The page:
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Main Characters

Ahab



The Pequod's captain directs his crew out of Nantucket on a tormented, worldwide search for Moby Dick, the white whale that once attacked him and chewed off one of his legs. Ahab's intensity frightens the rest of the men on board; his search seems motivated less by rational concerns than by darker impulses. Despite his darkness, however, Ahab possesses deeper feelings, more "soul," than perhaps anyone else in the novel. He agonizes over the loneliness of the sea even as he celebrates its loveliness, and longs for human companionship even as his obsessions distance him from all others. For Ahab, the White Whale is not simply an enemy, but a symbol of some terrible universal force. The novel's story is that of a whaling voyage but also of a spiritual adventure as Ahab seeks to confront the nameless mysteries he locates in the figure of the Whale. Once Ahab finally tracks down his elusive prey, the stage is set for a fatal confrontation: he leads his crew in three days of bloodthirsty pursuit, resulting in Moby Dick's deadly triumph over ship and captain.



Ishmael



The novel's narrator does not describe himself explicitly or extensively as he recounts his experiences on the Pequod. We do learn that Ishmael is a man who loves the surprise and adventure of sea-voyage and who is open-minded enough to take as his "bosom-friend" a Polynesian cannibal, Queequeg. In a sense, Ishmael is the novel's surrogate for another sailor-turned-novelist: Melville himself. The connection between Ishmael and Melville (we might call the narrator "Ishmaelville") creates a radically innovative narrative style. Occasionally, Ishmael is somehow able to "narrate" events that he cannot possibly have witnessed, making the narrative appear more like a novel or a play than a "memoir." At other times, as part of his rather obsessive efforts to understand the massive creature that he hunts, Ishmael refers to an enormous number of literary, scientific, historical, artistic and religious sources to describe the whale more completely - giving the narrative something of the character of an encyclopedic whaling manual. While Ishmael describes his duties on ship and the sights he sees during the Pequod's journey in great detail, he never seems to participate directly in the novel's main plot: Ahab's tormented search for Moby Dick. Indeed, as far as we know, Ishmael never even speaks to Ahab directly. The closest he gets to Ahab is in the novel's final scene, where he helps to row the captain toward his deadly encounter with the White Whale. Perhaps it is this distance from Ahab that preserves Ishmael's life: after the deadly attack at the end of the novel, he is the only character who survives to tell the tale.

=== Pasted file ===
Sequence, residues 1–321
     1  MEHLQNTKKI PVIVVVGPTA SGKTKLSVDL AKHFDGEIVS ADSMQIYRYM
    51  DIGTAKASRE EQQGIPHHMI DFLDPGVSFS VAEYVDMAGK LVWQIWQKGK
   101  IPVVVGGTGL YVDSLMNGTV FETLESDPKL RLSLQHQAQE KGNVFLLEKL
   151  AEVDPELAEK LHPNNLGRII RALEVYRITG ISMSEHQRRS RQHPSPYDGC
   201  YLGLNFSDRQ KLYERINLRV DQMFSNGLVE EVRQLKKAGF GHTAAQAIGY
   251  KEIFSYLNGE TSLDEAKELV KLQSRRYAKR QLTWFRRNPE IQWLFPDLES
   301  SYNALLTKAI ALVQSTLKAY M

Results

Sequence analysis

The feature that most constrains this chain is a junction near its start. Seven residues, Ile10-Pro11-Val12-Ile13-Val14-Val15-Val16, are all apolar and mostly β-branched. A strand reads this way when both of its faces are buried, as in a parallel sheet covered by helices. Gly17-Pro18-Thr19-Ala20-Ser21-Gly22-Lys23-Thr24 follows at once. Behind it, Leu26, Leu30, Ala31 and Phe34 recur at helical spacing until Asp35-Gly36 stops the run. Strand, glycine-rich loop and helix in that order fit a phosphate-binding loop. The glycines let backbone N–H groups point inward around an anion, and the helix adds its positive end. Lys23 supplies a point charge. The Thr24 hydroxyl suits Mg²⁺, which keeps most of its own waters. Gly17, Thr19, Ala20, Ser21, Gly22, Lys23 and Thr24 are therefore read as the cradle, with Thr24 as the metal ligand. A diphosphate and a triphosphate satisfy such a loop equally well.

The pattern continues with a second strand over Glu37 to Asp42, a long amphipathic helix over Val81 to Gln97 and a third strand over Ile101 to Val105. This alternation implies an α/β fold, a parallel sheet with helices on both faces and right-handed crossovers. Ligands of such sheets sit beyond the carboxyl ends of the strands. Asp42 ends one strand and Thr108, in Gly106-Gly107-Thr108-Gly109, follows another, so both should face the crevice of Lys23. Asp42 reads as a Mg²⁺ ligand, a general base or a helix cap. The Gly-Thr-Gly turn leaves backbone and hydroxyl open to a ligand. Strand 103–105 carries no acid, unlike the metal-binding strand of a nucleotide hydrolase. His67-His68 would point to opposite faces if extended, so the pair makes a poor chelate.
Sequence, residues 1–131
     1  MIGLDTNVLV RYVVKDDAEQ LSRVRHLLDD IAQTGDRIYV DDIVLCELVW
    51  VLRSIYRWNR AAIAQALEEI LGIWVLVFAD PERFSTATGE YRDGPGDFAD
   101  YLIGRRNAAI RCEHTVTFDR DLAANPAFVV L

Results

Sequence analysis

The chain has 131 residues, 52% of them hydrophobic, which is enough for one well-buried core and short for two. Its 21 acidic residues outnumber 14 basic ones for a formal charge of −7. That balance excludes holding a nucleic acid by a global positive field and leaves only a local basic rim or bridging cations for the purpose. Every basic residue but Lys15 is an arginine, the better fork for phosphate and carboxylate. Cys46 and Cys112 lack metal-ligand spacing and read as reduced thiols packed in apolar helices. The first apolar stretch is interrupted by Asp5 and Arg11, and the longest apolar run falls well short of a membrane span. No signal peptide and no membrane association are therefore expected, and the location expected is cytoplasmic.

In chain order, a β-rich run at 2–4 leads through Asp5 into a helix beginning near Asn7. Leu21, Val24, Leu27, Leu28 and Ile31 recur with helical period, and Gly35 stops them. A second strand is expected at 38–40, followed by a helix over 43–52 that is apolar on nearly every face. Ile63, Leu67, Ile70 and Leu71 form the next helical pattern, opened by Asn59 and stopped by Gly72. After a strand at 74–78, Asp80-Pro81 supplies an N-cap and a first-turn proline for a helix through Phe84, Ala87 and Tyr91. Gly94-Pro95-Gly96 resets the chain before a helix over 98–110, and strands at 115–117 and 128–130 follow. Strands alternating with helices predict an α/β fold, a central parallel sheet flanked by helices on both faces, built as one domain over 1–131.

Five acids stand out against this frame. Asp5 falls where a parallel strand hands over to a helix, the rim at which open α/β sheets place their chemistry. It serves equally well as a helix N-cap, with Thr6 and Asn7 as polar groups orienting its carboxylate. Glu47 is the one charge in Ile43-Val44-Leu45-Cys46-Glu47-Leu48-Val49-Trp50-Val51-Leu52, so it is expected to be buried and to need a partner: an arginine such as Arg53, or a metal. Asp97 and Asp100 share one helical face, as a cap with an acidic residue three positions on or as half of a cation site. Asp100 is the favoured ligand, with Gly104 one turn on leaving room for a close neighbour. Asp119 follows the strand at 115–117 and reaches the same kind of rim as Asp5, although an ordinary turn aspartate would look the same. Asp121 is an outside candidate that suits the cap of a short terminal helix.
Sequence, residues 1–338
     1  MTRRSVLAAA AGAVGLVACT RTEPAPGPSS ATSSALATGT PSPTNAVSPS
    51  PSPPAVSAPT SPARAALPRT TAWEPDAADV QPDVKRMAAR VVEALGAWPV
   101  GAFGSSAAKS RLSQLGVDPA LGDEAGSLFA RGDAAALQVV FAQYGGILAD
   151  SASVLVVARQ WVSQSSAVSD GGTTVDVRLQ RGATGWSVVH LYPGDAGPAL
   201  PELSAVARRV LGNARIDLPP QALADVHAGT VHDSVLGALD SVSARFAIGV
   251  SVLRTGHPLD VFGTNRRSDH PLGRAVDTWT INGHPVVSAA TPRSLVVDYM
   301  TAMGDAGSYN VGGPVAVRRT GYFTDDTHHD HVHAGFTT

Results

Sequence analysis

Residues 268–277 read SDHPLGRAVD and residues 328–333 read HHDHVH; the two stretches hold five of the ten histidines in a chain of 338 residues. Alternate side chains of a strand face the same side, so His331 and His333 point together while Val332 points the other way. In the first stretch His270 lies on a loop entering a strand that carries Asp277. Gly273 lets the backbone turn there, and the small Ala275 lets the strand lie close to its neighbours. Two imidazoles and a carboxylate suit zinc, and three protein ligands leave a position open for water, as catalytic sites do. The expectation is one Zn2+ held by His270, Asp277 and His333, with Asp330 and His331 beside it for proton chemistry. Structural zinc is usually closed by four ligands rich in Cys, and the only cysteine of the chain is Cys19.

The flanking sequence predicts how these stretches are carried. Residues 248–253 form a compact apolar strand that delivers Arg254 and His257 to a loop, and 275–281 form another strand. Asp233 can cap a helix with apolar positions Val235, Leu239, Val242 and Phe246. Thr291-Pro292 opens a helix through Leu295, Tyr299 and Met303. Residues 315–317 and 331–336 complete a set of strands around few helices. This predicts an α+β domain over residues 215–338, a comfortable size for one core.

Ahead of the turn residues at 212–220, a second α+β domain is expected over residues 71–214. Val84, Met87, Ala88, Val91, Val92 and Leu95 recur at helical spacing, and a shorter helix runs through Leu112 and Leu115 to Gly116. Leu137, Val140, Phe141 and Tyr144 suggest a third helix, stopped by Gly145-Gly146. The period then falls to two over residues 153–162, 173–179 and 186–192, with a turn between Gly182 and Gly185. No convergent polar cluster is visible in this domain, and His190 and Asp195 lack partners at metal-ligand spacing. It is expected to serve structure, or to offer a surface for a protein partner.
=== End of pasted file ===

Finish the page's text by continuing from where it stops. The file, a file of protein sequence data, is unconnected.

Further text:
Starbuck



Starbuck, first mate of the Pequod, is a foil for the dark Ahab. He is a Nantucketer, hearty and upright, possessing an effortless nobility and goodness of soul. Starbuck is the first to sense that something is terribly wrong with the ship's captain. It is Starbuck who finally accuses Ahab of being a blasphemer, or possibly even an agent of Satan, and it is Starbuck who intercedes to plead for Ahab to abandon his dangerous quest. Ahab senses that Starbuck's light is as strong as his own darkness, and the two men function as inverse parallels. Late in the novel, the two men even briefly commiserate about their mutual loneliness at sea. In the end, however, Ahab refuses to heed Starbuck's suggestion that they return to Nantucket, and directs the ship forward to its fatal end.